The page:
Structure and Function of Organisms
Some Notes on the L8 Cells You Use in Lab
L8 is the designation given to a "cell line" derived from culture of cells from the thigh muscle of newborn rats.
If a scientist takes a piece of fresh animal tissue, dissociates the tissue into cells and attempts to culture these cells, these cultures are called "primary" cultures. Primary cultures have a finite lifetime. The cells that are cultured undergo several rounds of cell division, but then the cells cease dividing. Thus, the cells have some kind of restriction on the number of times they can divide. The reason(s) for this restriction are known to involve telomeres, a subject you can investigate using a good cell or molecular biology textbook.
As soon as scientists began to make primary cultures, they soon found there were ways the cells could be immortalized. One way was to obtain cancerous tissue from patients. Cells derived from these tissues often lack restrictions on number of divisions in culture. A second way was to isolate cells from normal tissue but to treat these cells with carcinogens. Mutations were induced in some cells that lead to their loss of growth restrictions. A third method involves continued cultured of primary cells. Spontaneous mutations in the cells often lead to a few of them losing growth restrictions. If one isolates these cells, then one obtains cells that can divide essentially forever. Cells which have lost restrictions on cell division derived in any of these 3 ways are called "cell lines". Cell lines are incredibly useful in biology/biochemistry/molecular biology. The cells can be continuously expanded. The cells can be shipped to laboratories all over the world and thus many scientists can conduct experiments using the very same cells. These cells can even be used as factories to produce proteins for biotechnology/pharmacology by introducing genes of interest into them (i.e. by "transfecting" them).
The L8 line was derived by the third method described above from a primary culture of cells isolated from the thigh of a newborn rat back in 1969. These cells are likely derived from a cell in muscle known as a "myoblast". These are single, mononucleated cells that give rise to skeletal muscle fibers. The way they do so is to proliferate, fuse with each other to give rise to the multinucleated cells, and differentiate to express contractile proteins that give these cells their ability to contract and produce movement. L8 cells retain this potential. They proliferate on the surface of the culture plastic, but as many cells are generated and they begin to crowd each other on the dish, they begin to fuse with each other to form primitive muscle fibers called "myotubes". These myotubes can contract. In fact, one of the problems we have in this lab is that when the cells become confluent they begin to contract and in the process they pull themselves off the surface of the coverslips upon which they are growing. It is also possible to cause the living cells to contract and pull themselves up by mishandling the dishes of cells before they are fixed.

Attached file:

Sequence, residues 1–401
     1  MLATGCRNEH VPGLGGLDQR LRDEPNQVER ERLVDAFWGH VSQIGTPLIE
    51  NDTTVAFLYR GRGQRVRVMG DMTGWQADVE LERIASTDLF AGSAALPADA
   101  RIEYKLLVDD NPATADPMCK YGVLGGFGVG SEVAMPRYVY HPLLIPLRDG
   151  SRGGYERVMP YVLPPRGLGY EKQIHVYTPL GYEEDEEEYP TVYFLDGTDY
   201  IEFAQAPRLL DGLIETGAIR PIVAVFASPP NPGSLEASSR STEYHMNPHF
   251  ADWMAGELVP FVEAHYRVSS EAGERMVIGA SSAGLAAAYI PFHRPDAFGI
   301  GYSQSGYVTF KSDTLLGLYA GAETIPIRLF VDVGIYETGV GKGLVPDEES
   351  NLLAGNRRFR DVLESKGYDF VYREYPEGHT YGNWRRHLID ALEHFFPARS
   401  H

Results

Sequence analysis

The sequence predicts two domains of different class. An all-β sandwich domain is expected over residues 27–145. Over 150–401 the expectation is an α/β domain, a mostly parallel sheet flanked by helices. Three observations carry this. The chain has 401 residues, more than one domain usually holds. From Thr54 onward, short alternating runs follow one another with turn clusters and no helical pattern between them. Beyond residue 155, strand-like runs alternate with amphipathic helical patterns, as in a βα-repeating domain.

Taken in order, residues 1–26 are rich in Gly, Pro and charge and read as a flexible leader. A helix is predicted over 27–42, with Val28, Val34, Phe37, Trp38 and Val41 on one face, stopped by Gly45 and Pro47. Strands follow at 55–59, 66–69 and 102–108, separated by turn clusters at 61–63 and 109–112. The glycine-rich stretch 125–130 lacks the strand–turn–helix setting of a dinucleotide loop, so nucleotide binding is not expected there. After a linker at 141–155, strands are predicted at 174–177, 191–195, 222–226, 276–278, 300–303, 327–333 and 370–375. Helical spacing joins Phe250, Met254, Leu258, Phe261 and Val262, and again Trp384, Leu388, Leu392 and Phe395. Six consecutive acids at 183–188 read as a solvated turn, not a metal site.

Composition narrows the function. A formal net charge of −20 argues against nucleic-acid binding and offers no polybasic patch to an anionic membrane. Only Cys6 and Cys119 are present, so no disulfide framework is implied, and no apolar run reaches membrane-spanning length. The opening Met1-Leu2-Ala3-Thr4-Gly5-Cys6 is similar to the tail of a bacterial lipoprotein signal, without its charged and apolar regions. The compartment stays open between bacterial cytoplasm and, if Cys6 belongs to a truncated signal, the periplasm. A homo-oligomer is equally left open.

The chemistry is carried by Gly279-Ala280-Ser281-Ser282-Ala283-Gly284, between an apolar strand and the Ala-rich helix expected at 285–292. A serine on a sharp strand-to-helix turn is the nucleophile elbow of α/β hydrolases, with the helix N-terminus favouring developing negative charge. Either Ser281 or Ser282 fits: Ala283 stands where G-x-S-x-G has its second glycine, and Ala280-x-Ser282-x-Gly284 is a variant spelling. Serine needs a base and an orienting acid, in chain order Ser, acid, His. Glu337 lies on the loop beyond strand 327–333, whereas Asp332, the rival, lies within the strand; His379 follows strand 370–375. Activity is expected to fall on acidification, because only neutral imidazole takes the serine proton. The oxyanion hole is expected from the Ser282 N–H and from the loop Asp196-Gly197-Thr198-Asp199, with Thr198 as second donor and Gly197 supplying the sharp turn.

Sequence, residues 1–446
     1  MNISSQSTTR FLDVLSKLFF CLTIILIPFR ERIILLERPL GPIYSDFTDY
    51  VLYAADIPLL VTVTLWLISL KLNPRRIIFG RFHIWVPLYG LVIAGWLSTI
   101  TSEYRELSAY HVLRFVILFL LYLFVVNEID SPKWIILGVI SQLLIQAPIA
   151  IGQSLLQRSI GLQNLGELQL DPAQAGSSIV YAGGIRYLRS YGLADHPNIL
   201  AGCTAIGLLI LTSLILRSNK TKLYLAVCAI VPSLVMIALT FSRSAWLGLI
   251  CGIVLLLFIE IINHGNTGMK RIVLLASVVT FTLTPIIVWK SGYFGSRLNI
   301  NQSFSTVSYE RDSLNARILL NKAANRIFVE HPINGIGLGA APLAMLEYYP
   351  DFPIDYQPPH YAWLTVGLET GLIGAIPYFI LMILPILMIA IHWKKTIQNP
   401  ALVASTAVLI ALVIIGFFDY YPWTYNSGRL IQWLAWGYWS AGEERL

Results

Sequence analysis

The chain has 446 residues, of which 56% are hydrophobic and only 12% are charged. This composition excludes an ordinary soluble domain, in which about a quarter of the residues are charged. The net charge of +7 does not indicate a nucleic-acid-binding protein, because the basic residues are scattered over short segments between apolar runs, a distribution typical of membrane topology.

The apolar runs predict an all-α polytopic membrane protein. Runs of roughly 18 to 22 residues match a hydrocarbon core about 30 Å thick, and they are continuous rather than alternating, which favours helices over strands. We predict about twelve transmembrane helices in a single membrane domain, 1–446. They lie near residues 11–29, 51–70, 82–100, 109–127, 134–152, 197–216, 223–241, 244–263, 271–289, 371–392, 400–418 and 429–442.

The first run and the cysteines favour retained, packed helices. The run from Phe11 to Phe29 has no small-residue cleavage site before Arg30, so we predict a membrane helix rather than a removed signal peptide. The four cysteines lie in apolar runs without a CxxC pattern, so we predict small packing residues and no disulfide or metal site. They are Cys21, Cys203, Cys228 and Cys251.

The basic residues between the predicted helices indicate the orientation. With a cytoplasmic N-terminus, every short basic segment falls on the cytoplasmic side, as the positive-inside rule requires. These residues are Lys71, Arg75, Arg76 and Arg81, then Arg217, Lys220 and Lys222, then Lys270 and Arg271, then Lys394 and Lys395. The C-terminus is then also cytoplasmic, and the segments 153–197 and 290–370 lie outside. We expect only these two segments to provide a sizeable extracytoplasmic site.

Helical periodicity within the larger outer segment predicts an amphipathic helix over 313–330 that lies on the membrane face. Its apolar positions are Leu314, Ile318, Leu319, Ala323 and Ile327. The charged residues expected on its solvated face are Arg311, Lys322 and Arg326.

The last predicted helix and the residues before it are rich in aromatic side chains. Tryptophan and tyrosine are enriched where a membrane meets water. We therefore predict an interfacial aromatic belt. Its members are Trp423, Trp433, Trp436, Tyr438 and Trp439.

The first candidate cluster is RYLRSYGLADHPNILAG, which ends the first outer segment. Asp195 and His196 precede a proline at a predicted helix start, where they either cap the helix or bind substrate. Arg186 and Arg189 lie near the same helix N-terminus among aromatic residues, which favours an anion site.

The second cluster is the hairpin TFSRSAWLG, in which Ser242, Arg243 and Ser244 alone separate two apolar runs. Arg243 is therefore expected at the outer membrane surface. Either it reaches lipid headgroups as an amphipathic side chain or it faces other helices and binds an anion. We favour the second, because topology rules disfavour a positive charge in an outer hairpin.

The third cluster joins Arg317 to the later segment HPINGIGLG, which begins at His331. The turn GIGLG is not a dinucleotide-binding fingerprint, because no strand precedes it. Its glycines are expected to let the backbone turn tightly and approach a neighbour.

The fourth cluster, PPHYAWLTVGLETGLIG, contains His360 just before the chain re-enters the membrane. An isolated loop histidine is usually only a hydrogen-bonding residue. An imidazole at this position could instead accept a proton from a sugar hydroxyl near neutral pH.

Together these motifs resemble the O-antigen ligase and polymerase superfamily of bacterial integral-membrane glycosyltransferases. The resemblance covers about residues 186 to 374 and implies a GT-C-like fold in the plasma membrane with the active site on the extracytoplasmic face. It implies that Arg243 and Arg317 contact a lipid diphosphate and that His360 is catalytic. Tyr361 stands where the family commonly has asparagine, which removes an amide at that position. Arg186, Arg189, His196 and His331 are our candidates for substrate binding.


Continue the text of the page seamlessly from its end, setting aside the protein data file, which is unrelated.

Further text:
If you're interested in cell lines you can explore the web page of the American Type Culture Collection at www.atcc.org. This is our source for the L8 cells. A web page describe these cells can be reached by the following:
Click on "Cell Lines". When the Word Search Menu comes up, enter "L8" into the Query box, Menu comes up, type in "L8", click "Word Search". When the cell line "CRL-1769" comes up, click on this name for the information on the L8 cell line.
The original paper describing the isolation of the cells is
Richler C. and Yaffe D. 1970. The in vitro cultivation and differentiation capacities of myogenic cell lines. Dev. Biol. 23: 1-22.
L8 has been a popular cell line for study. Use of the medline search tool available on the library web page of UT turned up more than 278 references to "L8". Despite the fact that some of these references are to other subjects which have been given the same designation, many of these are to the cell line first derived in 1969.